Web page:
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Overheard at the CIO Academy: Pain Points and Opportunity

State and local government and the private sector came together in Sacramento earlier this week for two days of networking and problem-solving. The event highlighted trends and opportunities.

Of the tens of thousands of conversations had over the two-day California Public Sector CIO Academy* in Sacramento, common themes surfaced offering a glimpse at potential opportunities for vendors looking for a door to stick their foot in.

“Do your homework, know the mission” was one of the more repeated mantras from public-sector IT officials at the event — ranging from Government Operations Agency (GovOps) Undersecretary Miriam Barcellona Ingenito to several agency-level IT chiefs. But the private sector also had its share of advice for IT leaders.

The Whats and Whys: The resounding message from agency CIOs across multiple panel discussions was a need for vendors to bring solutions to existing problems — not solutions for brand-new ones. Representatives from the California Department of Forestry and Fire Protection (CAL FIRE), the Employment Development Department (EDD), and others echoed this call. CAL FIRE’s deputy director of technology, Scott Gregory, said his agency sees plenty of innovative solutions pitched by the private sector, but many fail to address real-world operational concerns. His agency’s existing approach makes it very effective at firefighting and prevention work, he said, meaning that any technology they adopt needs to fit into or significantly improve the current framework.

Opening the Talent Pipeline: Talent management also surfaced as a significant friction point for state agency representatives. Attrition and retirement — and the loss of institutional knowledge that comes with them — were significant areas of concern voiced by officials from the California State Lottery and EDD. The need to retain institutional knowledge, create succession plans, document duties, and identify and assess future leaders are very real concerns for agency leaders. The slow pace of hiring qualified candidates at the state level, coupled with the challenges of transferring knowledge, make this an area ripe for innovation, officials said.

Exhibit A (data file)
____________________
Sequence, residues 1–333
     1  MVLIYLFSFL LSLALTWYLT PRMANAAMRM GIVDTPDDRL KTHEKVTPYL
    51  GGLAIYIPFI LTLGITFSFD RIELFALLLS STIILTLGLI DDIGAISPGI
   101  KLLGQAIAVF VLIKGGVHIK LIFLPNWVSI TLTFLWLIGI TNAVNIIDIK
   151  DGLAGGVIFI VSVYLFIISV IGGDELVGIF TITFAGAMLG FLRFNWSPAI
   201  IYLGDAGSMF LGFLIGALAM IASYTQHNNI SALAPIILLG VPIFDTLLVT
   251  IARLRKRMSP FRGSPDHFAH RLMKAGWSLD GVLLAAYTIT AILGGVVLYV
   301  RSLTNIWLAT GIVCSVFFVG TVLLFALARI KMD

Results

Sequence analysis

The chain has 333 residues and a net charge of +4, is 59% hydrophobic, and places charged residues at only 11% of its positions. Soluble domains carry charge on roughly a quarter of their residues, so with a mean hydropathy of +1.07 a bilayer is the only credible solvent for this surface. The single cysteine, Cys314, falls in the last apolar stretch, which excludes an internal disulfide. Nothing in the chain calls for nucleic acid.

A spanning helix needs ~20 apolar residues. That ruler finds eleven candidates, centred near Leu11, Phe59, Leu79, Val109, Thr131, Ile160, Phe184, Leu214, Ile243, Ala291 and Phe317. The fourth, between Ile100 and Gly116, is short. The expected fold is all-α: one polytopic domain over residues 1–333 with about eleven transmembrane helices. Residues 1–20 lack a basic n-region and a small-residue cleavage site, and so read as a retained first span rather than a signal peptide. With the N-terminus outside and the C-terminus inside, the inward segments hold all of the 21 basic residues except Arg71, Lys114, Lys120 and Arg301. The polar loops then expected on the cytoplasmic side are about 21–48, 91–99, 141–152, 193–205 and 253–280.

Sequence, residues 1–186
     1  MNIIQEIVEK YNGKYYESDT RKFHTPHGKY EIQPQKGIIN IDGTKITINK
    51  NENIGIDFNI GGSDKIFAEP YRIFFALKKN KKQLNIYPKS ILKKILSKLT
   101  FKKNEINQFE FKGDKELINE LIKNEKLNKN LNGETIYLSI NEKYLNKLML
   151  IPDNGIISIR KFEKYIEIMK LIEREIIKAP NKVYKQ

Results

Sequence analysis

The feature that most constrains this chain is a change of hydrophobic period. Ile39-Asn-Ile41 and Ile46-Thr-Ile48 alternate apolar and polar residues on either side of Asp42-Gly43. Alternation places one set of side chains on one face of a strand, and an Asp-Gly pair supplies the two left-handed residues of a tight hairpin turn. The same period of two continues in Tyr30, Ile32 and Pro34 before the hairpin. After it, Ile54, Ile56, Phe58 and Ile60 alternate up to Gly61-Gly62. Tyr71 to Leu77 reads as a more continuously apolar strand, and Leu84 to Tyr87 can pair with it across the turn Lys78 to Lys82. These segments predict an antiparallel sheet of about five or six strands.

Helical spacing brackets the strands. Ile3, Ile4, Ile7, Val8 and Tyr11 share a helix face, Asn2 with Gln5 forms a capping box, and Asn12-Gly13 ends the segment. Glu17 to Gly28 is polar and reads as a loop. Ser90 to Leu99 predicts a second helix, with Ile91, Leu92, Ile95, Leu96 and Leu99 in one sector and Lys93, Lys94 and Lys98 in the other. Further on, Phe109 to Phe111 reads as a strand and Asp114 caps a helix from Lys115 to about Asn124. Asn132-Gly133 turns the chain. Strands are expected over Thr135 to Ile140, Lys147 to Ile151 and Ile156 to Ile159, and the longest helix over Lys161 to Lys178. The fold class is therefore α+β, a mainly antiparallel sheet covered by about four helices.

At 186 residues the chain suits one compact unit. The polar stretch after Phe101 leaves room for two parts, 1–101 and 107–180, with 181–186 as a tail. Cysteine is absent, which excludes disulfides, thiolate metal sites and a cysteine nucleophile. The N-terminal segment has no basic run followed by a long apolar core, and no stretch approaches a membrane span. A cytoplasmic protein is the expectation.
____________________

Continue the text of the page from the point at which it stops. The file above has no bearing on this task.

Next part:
Streamline State Procurements: It should come as a shock to no one, but state-level IT procurements take a lot of time. The possibility of knocking the process down — by weeks or even months — was raised privately as an area for needed improvement by one control agency staffer. The vendors we spoke with agreed that contracting with the state is often confusing for new entrants and leaves something to be desired where speed and agility are concerned.

Adopt Early, Iterate Often: While the public sector had a veritable laundry list of dos and don’ts for potential suitors, vendors also came armed with advice worth heeding. The adoption of new technologies, like AI, was one area industry urged a proactive — even aggressive — approach. Accenture’s Graeme Finley compared AI to the invention and rapid adoption of the steam engine, cautioning that while no one could have predicted exactly where the technology would lead, early adopters were able to reap the benefits of lower cost and advanced innovation. Agencies should consider the cost of doing nothing, cautioned UiPath’s Jennifer Ott. The consensus among vendors on the topic seemed to be that it’s better to adopt and iterate than wait for costs to skyrocket in a red hot market.

*The California Public Sector CIO Academy is hosted by Government Technology, Industry Insider — California's sister publication.
Eyragon is the Managing Editor for Industry Insider — California. He previously served as the Daily News Editor for Government Technology. He lives in Sacramento, Calif.